Just a quick note: Banjo-Tooie is actually darker than Banjo-Kazooie. Not in visuals, just in tone. The death of Bottles, the zombification and life removal of characters (King Jingaling, king of the Jinjos, most notably), Gruntilda is now a hollowed skeleton frame, and her former lackey, Klungo, is met in several battles where he is looking more and more beaten in each one, black eye included. And that doesn't include the time when you murder an innocent ice cube woman! Banjo-Kazooie never dealt with violence and death quite the way Banjo-Tooie touches upon it. Oh, but fear not, for there's still plenty of hilarity to be found. You'll still get plenty of yuks with another cameo from Loggo the talking toilet.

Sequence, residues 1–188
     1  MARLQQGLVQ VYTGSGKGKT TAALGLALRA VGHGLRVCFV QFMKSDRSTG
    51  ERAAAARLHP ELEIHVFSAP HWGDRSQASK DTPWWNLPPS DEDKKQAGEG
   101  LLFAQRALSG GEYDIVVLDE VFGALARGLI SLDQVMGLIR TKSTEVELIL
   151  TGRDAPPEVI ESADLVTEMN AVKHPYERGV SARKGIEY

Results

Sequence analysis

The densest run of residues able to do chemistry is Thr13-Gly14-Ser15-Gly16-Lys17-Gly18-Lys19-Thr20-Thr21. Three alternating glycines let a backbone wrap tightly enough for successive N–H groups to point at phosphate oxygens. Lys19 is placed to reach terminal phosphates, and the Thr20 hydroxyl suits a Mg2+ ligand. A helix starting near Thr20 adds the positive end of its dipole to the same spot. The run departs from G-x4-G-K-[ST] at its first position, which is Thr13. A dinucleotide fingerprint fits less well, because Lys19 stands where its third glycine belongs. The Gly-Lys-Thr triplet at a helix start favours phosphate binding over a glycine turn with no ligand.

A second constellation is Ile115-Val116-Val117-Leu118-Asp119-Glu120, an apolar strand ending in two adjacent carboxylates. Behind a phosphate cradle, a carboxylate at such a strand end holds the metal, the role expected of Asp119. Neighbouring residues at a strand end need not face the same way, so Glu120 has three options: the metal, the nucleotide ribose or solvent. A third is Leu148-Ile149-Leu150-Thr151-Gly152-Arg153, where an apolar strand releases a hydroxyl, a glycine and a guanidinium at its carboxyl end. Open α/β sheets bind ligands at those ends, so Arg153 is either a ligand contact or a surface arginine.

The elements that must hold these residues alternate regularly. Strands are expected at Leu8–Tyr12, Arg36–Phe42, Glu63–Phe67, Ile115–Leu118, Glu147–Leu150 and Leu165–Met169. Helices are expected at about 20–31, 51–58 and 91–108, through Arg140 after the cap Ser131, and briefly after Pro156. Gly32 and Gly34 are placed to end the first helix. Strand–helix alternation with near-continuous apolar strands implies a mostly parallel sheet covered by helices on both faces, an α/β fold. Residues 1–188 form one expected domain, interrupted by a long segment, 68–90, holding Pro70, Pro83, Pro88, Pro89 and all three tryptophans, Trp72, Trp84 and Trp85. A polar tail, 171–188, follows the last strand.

Here's the biggest issue I have with Banjo-Tooie. It's big. It's perhaps twice the size of the previous game. Rare obviously went with the adage that "bigger is better". In this case, however, the size doesn't necessarily work in its favour. For starters, just the overworld itself could, in theory, be a game world. It would be easy to get lost sometimes if there weren't warp silos to transport you around. Each separate world is massive (maybe not so much the first one, but later areas require extensive mapping and documentation to remember the locations of everything), and it could take you hours just to find everything. There are games such as MMOs that do this now, but on the Nintendo 64, it was quite a feat to be able to get lost so easily. Considering how many items you can find in each world, however, you're pretty much guaranteed to find something no matter where you wander off to.